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Meme darling: GameStop shares surge on stock split news

GameStop became a meme darling early last year when thousands of smaller investors suddenly started buying its shares, driving its price to heights that shocked Wall Street.

Pedestrians pass a GameStop store on 14th Street at Union Square

Shares of GameStop surged on Friday after the video game retailer announced that it would attempt its first stock split in 15 years.

The Grapevine, Texas, company said in a regulatory filing late Thursday that it wants to increase its share count to one billion, from 300 million, so it can implement a stock split in the form of a dividend. It plans to seek shareholder approval at its upcoming annual meeting.

A stock split would change the price-per-stock, but not the overall value of those holdings. The manoeuvre can push up a company’s stock price at least temporarily, and it did so Friday. Shares of GameStop jumped 8 percent at the opening bell.

JPMorgan Friday that while stock splits may not be the new buyback, they are “an additional tool to push stock prices higher despite financial theory saying otherwise”.

GameStop’s announcement comes just days after electric vehicle maker Tesla announced its second stock split in less than two years. In addition, Alphabet, Google’s parent company, announced a 20-for-1 split in February. Amazon said this month that it would do a split of the same ratio.

Big tech companies have pursued stock splits after major run-ups in the price of their shares, which can open the door to retail investors that do not have the financial heft to buy shares that head into quadruple digits.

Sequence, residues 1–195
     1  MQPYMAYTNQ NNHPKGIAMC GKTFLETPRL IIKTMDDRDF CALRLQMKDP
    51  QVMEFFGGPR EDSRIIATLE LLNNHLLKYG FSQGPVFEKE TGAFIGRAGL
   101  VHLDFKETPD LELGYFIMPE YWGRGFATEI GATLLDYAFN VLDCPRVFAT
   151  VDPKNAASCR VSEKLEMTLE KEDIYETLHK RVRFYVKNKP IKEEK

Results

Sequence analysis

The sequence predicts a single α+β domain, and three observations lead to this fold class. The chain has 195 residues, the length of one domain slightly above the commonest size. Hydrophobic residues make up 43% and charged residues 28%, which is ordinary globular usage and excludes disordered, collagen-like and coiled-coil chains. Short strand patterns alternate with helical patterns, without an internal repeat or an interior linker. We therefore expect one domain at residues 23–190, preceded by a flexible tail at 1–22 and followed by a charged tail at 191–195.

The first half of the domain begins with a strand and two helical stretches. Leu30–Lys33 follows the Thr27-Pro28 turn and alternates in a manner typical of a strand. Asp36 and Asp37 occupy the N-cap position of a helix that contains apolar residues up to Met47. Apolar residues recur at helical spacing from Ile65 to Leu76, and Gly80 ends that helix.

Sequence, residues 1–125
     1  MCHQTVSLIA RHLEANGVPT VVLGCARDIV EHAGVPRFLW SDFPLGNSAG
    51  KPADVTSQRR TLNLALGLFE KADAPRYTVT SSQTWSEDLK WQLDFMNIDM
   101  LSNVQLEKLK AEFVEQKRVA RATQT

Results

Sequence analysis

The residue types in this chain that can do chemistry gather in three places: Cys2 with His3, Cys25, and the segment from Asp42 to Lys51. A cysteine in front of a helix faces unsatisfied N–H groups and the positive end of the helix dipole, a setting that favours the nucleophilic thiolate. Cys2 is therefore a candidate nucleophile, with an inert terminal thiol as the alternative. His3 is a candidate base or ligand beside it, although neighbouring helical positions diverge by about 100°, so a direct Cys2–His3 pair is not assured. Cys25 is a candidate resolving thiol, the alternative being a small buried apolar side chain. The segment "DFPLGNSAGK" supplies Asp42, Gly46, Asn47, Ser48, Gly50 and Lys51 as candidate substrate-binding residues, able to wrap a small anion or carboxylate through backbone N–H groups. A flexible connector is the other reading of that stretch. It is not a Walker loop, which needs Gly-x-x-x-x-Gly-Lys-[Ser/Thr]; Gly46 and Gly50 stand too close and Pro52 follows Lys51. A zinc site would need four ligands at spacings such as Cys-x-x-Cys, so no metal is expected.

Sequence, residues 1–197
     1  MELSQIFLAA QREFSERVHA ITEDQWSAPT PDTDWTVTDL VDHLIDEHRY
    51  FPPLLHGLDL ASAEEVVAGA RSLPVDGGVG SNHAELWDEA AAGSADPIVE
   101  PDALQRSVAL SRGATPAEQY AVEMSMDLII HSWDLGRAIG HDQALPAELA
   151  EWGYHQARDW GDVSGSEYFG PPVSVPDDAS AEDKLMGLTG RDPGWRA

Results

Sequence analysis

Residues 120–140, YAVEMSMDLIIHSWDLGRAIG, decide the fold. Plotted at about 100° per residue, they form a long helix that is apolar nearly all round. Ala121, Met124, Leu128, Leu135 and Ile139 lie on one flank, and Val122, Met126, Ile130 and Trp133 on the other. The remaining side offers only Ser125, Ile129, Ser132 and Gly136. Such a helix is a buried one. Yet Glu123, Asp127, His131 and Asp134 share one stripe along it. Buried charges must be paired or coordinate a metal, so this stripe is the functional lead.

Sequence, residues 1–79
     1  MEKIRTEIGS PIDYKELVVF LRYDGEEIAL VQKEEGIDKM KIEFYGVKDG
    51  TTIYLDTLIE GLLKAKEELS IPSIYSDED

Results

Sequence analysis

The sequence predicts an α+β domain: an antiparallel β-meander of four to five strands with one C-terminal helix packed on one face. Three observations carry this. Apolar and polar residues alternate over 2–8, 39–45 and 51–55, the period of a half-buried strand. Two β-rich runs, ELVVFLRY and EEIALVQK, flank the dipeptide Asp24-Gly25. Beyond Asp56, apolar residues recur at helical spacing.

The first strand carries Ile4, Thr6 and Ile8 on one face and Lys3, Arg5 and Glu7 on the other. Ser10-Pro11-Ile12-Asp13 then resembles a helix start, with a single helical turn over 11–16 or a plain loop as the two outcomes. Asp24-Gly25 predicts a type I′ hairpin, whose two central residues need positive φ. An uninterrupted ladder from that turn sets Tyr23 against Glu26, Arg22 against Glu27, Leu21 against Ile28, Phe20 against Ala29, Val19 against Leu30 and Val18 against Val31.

However, a single share of Google, Tesla, or Alphabet cost between $1,000 and $3,300. And shares of Tesla, Alphabet and Apple are up between 30 percent and 60 percent over the past 12 months.

Shares of GameStop are down 13 percent during that same stretch and can be had for less than $200 each.

Yet GameStop Corp became a meme darling early last year when hundreds of thousands of smaller investors suddenly started buying its shares, driving its price to heights that shocked Wall Street. The shares rocketed from $39 to $347 in just a week during its run-up.

Any manoeuvres from the company garner intense interest from retail investors, particularly after Chewy co-founder Ryan Cohen took a huge stake in the company and now sits on its board. Investors have pinned their hopes on Cohen to push the traditional retailer in a more online direction.

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